Huwwara, Thu 4.10.07, Afternoon

Share:
Twitter FB Whatsapp Email
Observers: 
Debra L., Hagar L.
Oct-4-2007
|
Afternoon
Translation: Ruth F.

 

16:10- Yitzhar Junction- the checkpoint wasn't manned.

16:12- Huwwara Checkpoint- About 30 pedestrians were waiting in line for the inspections. Three inspections posts were open and so was the humanitarian line for women and the elders. The average time it took to pass was 5 minutes.

There was an x-ray machine. Drivers and their passengers were sent with their packages and luggage to the machine. The soldier at the watch tower kept yelling at the soldier who were inspecting the cars that one of the drivers that was in line tried passing through the checkpoint earlier with a package but was refused passage and was now trying to pass in a cab. We couldn’t see what he was carrying with him (we had seen in the past that soldiers wouldn't allow them to pass with motor parts),  but we did see him returning to Nablus.  

 

16:12-16:20-Four vehicles were standing the line heading to Nablus. It took 8 minutes till the last car past.

16:17- Two young men were detained for ID inspections and were released after several minutes. One of them was escorted by the checkpoint commander to the cell. The commander talked to him and checked his cellular phone, but he let him go after a couple of minutes. I asked the young man whether he had any idea why he was detained, he said "I am a Bingo", for four months now they have be detaining him each time he pass there.

The DCO representative was holding a knife in his hand and explained to the solider standing next to him why it was dangerous. Apparently this was the knife found in among the other object that belonged to the man in the cell. He would have to wait until his ID was inspected at the "highest authorities". We were told he had been sitting there for 10 minutes.

 16:30- A military police woman was giving out orders to a minibus driver: "Open the door!", later, however, I heard her greeting a different passenger, "Marh'aba", "Mazal Tov". I observed her behavior and learned that she was just a loud type, a manner of behavior that her friends might like. But in the checkpoint this is an offensive behavior. 

16:35- Six vehicles were at the entrance to Nablus. We couldn't see the line exiting Nablus. A young pedestrian was hopping to make more use of his time and decided to put his bag in the x-ray machine before he enters the pedestrian line, he was reproached and sent to the line. A porter spread all his luggage on the dusty road.

A privet car came from Nablus, the passengers weren't familiar with the new regulation, according to which the passenger are taken out of the car about 20-30 meters before the place where the car is inspected. The police woman explained the regulation to the driver while yelling. The family seemed embarrassed from the tone of her voice.   

16:49- A jeep arrived, a commander and the checkpoint commander went to the cell. I was observing the pedestrians line that was entering Nablus. They asked me to leave (even though many Palestinians were passing through there). I said that I wasn't standing in their way and that I had a right to be there. He took his cellular phone out and called the police. The commander talked to the detainee for a couple of minutes and headed off. The checkpoint commander told Debra that the soldier had found three knives, each one the size of 6 fingers in the detaineesinfo-icon luggage.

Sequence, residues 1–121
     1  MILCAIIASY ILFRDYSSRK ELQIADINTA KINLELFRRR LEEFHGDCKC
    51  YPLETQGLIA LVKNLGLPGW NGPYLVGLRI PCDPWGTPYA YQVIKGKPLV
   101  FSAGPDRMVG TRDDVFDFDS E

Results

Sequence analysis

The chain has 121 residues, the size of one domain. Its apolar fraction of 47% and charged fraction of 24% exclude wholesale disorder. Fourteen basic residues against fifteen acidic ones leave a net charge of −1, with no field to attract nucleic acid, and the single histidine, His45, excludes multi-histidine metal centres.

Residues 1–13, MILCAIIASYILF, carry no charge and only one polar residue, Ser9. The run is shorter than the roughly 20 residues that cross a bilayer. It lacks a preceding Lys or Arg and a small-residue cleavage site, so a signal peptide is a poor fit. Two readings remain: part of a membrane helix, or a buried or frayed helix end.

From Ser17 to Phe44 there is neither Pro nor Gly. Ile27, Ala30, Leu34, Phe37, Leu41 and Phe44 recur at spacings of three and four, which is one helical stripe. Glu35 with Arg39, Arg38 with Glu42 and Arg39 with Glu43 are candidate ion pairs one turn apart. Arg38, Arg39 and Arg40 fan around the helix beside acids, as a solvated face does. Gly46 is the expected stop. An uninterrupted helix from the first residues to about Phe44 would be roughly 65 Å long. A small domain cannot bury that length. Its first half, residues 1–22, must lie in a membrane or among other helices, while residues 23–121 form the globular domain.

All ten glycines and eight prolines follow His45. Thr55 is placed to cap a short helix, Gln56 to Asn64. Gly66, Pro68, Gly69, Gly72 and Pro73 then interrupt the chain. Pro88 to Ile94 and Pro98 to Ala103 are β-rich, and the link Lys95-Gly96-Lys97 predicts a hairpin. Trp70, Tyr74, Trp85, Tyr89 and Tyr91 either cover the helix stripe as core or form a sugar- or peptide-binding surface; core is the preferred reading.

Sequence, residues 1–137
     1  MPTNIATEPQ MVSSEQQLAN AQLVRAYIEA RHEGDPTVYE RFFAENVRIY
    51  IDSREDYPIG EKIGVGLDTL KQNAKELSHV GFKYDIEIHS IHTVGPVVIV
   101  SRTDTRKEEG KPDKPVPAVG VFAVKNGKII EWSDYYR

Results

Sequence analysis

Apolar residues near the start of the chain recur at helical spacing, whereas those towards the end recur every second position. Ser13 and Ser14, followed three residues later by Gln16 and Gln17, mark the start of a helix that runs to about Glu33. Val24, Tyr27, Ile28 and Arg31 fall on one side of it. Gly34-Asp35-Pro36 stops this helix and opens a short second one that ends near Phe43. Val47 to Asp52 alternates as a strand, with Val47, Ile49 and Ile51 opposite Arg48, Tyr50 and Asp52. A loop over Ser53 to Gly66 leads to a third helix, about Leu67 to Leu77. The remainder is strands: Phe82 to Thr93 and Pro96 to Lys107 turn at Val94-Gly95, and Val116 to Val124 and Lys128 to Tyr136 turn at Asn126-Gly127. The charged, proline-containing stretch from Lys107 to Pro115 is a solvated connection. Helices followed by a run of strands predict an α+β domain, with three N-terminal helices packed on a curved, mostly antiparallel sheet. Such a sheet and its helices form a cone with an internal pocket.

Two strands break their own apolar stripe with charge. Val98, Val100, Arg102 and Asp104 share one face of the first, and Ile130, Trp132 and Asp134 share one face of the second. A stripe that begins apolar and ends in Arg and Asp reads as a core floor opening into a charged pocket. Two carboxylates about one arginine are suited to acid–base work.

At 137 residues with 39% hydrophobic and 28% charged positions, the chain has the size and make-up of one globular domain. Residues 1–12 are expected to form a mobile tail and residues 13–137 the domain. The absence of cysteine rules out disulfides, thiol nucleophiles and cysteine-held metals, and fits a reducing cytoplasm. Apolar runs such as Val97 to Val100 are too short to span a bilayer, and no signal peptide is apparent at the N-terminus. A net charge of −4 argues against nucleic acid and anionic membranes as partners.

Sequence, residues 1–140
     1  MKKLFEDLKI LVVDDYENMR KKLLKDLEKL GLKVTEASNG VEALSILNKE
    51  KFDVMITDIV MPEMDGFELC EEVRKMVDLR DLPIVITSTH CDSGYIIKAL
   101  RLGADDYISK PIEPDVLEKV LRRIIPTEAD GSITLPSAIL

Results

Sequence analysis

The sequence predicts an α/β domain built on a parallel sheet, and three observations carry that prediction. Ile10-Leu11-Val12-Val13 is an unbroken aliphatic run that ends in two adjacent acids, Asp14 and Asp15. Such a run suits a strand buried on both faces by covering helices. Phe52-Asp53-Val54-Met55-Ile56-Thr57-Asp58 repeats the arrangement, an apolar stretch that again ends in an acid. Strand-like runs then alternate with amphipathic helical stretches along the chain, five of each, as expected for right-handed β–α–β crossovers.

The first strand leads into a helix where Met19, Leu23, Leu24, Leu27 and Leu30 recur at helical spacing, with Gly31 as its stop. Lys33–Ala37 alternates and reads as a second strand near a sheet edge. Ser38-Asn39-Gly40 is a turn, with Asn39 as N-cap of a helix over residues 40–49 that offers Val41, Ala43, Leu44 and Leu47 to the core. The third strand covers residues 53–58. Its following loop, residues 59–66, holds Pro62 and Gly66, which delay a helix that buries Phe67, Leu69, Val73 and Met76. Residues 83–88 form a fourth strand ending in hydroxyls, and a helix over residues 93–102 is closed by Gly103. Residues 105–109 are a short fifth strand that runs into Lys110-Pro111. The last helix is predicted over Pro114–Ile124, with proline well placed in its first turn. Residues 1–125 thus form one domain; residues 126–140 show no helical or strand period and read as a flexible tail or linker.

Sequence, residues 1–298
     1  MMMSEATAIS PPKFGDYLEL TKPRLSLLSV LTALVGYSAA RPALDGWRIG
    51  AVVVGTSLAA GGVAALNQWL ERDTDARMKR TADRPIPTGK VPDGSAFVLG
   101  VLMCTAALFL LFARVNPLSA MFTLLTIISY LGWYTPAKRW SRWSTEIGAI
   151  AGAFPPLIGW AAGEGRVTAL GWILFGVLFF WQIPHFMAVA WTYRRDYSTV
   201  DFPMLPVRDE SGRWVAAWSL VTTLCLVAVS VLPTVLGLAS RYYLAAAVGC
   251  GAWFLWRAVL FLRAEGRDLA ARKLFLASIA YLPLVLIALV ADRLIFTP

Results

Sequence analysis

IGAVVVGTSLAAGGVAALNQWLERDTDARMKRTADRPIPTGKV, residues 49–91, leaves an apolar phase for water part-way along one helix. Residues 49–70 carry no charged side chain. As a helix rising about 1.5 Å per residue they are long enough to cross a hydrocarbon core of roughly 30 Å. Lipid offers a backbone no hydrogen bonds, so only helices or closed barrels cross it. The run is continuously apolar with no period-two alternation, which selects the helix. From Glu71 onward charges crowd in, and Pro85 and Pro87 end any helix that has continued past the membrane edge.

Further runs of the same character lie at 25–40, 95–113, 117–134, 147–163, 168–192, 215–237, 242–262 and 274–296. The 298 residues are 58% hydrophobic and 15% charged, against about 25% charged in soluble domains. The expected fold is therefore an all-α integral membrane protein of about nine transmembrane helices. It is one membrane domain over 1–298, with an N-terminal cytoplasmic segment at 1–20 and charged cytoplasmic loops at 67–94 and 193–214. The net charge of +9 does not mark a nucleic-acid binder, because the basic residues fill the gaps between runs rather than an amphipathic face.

I went to the detainee to ask for information. He was a sixteen year old from the village Aqraba. The teenager explained to me, with his poor Hebrew and hand gestures, that the knives were sharp. I tried helping and offered to call his relatives and tell them he was arrested. He said he couldn't remember their numbers. I tried getting his ID number from the Humanitarian Center, so I could inform the Red Cross, but they couldn't find it.

16:59-The teenager was taken for a physical inspection and was released.

17:00- The police woman and soldier stood on the road leading into Nablus and inspected those entering. They checked only their bags but not the IDs (Where they using the "someone gave me something to pass on" trick?). People had to pour out their bags on the dusty and dirty road.

 

17:02-The checkpoint commander noticed that in the filed behind the checkpoint was a truck heading to Awarta. He sent a jeep with some soldiers quickly to stop the truck. We could now see the truck driving slowly in the field, it was escorted by the jeep (on the road). They led the truck to the checkpoint and the commander talked to the driver. The plat number of the truck was: 460091, it was a Volvo. The phone number on the truck was: 052-2813712.
The detainee was still in the cell when we left (on our way we tried getting his ID number for the last time through Humanitarian Center- but it was no use). I called the Red Cross after a couple of days and asked that they find out whether he was arrested or released on that came day. I still didn't get an answer (the teenager seemed embarrassed when I said I wanted to help him. I really hope he was released. In retrospective it seems like one of those "someone asked me to pass this package" incidents).

 {What bothered me for a couple of days after the shift, was that on Thursday two events occurred in the checkpoints we visited or were near them: After we left: at Huwwara checkpoint a cab driving a man with kidney failure was denied passage even though they had all the permits needed (see Naomi L's 'report). And on that day that had probably closed the road leading to the Palestinian villages in Alfai Menashee. Two difficult events that stress out the occupation and which demanded from our volunteers to work hard for the last couple of days and take care of them. Our observations are merely incidental and we manage to collect very few information during our shits. }